By Anne Farrow, Joel Lang, Jennifer Frank

Why should I read it?

1 author picked Complicity as one of their favorite books, and they share why you should read it.

What is this book about?

A startling and superbly researched book demythologizing the North’s role in American slavery
 
“The hardest question is what to do when human rights give way to profits. . . . Complicity is a story of the skeletons that remain in this nation’s closet.”—San Francisco Chronicle
 
The North’s profit from—indeed, dependence on—slavery has mostly been a shameful and well-kept secret . . . until now. Complicity reveals the cruel truth about the lucrative Triangle Trade of molasses, rum, and slaves that linked the North to the West Indies and Africa. It also discloses the reality of Northern empires built on tainted…


Book cover of Saltwater Slavery: A Middle Passage from Africa to American Diaspora

Nicholas Radburn Author Of Traders in Men: Merchants and the Transformation of the Transatlantic Slave Trade

From my list on how the Atlantic slave trade operated.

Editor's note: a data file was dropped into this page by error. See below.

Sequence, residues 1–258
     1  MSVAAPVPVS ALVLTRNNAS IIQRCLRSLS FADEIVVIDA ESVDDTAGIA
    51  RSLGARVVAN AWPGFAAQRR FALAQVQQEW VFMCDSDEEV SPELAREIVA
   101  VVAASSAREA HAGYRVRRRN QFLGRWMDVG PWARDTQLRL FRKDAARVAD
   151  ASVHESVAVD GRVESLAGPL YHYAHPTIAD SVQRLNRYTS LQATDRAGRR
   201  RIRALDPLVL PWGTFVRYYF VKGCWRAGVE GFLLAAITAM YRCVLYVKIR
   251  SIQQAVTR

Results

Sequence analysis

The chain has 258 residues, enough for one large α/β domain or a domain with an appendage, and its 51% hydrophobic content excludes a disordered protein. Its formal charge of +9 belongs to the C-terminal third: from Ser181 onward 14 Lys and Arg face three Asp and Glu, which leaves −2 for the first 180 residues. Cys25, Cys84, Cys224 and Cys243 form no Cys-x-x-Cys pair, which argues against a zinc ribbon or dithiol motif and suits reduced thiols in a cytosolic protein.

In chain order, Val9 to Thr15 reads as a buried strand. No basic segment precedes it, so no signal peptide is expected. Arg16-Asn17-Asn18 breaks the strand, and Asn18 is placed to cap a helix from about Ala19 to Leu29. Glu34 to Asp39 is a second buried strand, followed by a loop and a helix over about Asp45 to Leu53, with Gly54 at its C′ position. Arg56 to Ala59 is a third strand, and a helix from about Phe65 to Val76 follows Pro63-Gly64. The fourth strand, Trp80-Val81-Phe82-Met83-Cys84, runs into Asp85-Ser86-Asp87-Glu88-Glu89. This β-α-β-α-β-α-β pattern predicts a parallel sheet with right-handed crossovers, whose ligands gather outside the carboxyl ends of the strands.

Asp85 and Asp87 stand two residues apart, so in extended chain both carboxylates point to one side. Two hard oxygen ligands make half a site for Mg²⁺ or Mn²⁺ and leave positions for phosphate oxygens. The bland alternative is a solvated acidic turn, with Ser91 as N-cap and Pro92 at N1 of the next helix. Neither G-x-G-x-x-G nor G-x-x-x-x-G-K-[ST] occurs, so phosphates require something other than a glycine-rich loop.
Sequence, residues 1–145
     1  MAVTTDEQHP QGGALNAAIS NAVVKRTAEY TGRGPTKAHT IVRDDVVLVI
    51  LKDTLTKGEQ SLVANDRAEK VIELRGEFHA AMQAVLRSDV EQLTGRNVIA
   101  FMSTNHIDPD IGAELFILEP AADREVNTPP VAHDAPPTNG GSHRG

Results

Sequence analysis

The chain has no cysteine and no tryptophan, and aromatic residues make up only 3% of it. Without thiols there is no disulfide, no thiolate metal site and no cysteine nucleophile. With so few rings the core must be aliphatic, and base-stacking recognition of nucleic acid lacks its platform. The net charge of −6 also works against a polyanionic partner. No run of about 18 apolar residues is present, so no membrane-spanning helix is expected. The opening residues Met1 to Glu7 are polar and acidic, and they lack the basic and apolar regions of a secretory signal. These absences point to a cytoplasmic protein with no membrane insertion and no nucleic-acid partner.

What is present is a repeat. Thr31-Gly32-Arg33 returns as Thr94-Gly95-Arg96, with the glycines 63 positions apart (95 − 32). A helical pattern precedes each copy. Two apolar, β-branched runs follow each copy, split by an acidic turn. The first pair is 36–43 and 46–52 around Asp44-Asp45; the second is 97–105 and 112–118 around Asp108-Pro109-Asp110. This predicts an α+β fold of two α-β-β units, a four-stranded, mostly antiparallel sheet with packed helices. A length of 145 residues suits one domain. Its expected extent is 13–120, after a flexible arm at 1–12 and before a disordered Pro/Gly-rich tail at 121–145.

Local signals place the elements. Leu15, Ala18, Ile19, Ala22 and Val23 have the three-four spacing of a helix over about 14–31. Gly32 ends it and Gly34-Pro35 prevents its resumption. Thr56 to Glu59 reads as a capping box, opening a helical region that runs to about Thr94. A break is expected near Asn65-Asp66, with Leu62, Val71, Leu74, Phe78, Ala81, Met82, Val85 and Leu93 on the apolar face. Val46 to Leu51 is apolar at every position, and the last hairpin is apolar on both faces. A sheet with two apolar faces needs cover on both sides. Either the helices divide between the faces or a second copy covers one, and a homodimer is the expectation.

Why am I passionate about this?

I’ve been fascinated by the Atlantic slave trade since 2007, when I first studied the business papers of a Liverpool merchant who had enslaved over a hundred thousand people. I was immediately struck by the coldness of the merchant’s accounts. I was also drawn to the ways in which the merchant’s profit-motivated decisions shaped the forced migrations and experiences of their victims. I have subsequently extended my research to examine slave traders across the vastness of the Atlantic World. I'm also interested in the ways that the slave trade’s history continues to shape the modern world, from the making of uneven patterns of global economic development to such diverse areas as the financing of popular music. 

Nicholas' book list on how the Atlantic slave trade operated

Nicholas Radburn Why did Nicholas love this book?